The "grounds for divorce" are the legal reasons you are presenting to the court for why you are seeking a divorce, and why the court should grant you one. Acceptable grounds for divorce and who they apply to will vary by jurisdiction.
If you're considering a divorce, there are a lot of aspects to think about, from dividing assets to outlining custody arrangements. It can be easy to get overwhelmed with all the things you need to evaluate. That's why it's important to simplify the process as much as possible and take it one step at a time.
One of the first things you should determine when you're considering a divorce is whether you need to state any grounds for the divorce. All states allow "no-fault" divorces that do not require a reason.
States that allow fault divorces will typically consider the following as some of the acceptable grounds to get a divorce:
When you file for a fault divorce, you should expect your spouse to contest the grounds you're stating, including presenting their own evidence in their defense or possibly citing some of your actions as the grounds for divorce.
Grounds for divorce are typically required when you file for a "fault divorce." In a fault divorce, you are citing your spouse's specific actions as creating a reason for the divorce. Adultery, for example, is one of the most common grounds for divorce.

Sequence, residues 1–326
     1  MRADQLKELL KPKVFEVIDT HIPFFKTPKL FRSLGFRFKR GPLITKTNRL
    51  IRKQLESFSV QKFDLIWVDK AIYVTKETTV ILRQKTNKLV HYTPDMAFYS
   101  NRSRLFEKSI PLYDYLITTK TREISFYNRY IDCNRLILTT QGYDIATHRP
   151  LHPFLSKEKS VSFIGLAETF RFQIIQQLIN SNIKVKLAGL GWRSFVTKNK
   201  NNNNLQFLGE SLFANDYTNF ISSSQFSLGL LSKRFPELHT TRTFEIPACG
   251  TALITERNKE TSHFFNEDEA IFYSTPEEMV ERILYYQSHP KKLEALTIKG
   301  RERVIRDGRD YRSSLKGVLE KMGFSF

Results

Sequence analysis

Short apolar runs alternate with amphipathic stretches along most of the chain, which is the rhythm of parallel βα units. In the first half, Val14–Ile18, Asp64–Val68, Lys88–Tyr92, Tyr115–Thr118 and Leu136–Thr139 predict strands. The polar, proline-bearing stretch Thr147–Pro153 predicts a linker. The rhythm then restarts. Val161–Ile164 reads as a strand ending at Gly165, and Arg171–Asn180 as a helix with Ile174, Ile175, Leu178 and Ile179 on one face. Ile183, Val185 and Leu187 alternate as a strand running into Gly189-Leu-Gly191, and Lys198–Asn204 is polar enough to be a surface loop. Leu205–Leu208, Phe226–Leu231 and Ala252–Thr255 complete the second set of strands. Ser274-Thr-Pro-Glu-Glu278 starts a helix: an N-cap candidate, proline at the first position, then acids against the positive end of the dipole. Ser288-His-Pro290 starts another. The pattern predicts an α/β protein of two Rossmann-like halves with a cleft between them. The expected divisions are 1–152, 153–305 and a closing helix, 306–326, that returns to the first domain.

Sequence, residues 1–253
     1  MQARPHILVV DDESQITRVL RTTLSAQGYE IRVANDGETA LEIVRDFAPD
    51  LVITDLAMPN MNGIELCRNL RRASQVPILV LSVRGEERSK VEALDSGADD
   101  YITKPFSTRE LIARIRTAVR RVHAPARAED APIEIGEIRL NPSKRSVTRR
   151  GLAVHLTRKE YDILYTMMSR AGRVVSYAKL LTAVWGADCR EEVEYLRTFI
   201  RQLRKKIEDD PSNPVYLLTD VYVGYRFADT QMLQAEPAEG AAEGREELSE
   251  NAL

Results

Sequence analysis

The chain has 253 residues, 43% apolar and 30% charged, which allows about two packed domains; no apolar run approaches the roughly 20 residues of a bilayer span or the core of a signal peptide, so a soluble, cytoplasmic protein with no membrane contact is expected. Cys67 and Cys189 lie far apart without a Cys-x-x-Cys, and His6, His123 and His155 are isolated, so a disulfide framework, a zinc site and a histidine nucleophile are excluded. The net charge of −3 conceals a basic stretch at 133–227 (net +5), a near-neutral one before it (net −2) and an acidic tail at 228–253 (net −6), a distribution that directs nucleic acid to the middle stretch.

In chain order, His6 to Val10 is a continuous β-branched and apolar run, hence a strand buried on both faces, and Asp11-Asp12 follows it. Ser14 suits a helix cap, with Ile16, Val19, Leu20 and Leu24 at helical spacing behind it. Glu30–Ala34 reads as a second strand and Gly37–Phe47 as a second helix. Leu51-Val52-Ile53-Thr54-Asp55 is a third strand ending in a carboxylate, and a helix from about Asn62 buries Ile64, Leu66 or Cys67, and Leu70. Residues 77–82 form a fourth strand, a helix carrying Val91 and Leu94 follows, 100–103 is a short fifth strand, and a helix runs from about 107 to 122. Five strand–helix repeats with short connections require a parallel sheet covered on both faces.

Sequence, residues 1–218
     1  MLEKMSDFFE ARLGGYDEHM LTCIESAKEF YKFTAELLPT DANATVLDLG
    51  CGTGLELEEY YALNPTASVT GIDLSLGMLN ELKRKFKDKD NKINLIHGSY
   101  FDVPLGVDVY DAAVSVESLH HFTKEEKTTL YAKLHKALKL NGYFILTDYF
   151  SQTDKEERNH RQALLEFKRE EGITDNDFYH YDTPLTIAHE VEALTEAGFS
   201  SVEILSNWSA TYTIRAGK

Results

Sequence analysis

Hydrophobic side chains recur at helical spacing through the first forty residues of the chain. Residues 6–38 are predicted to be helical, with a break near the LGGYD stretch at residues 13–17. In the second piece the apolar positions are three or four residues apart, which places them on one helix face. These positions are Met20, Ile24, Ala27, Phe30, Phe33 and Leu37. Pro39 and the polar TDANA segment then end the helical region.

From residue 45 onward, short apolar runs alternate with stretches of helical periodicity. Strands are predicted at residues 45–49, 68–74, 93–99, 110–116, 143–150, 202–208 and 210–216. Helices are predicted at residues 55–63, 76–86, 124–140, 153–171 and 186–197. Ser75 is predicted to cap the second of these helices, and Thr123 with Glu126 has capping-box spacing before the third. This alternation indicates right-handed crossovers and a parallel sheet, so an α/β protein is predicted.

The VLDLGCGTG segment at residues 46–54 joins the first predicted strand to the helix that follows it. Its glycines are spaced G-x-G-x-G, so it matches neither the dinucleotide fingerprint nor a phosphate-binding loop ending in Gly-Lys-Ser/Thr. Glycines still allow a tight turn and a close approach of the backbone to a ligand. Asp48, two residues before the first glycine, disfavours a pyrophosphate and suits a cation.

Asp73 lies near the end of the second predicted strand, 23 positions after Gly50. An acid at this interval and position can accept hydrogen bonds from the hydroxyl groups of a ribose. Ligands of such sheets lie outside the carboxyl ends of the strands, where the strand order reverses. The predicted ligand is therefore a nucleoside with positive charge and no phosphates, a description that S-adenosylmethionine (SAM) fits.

While you are not required to pursue a fault-based divorce, in some cases, proving your spouse's fault can have its benefits. These may include:
If you file for a fault divorce, you'll need to prove to the court why your spouse is at fault, and that they committed the actions you're claiming they did.
Not every divorce will require you to state grounds for divorce. A "no-fault" divorce requires no reason, and you don't have to prove a specific fault from your spouse. In most no-fault divorces, you will simply state that your marriage is "irretrievably broken" or that you and your spouse are suffering from "irreconcilable differences."
These terms are very broad and may cover many reasons why your marriage is simply no longer viable. You're essentially stating there are too many conflicts between you and your spouse that you cannot resolve. These often include disagreements about children, financial difficulties, or diverging lifestyles.
No-fault divorces are typically harder for your spouse to contest because there are no accusations and nothing to prove. If you want a divorce and your spouse doesn't, many courts will see this as sufficient evidence of incompatibility.
Some states require you and your spouse to separate for a certain length of time before you file, typically ranging from a few months to a year.
To determine whether or what grounds for divorce you should claim, you'll need to first learn whether your state allows fault divorces or whether your only option is no-fault divorce. If you have the option between the two, you'll need to decide if you want to claim fault or not, and then, what kind of fault you're allowed to try to prove in your area.
Getting a divorce can be an emotional and complicated process. Hiring a divorce attorney can help you untangle those rules and procedures. The support of an attorney could make it easier to understand your rights and options when you file for a divorce and can help you through the divorce proceedings to increase the odds of getting your desired outcomes.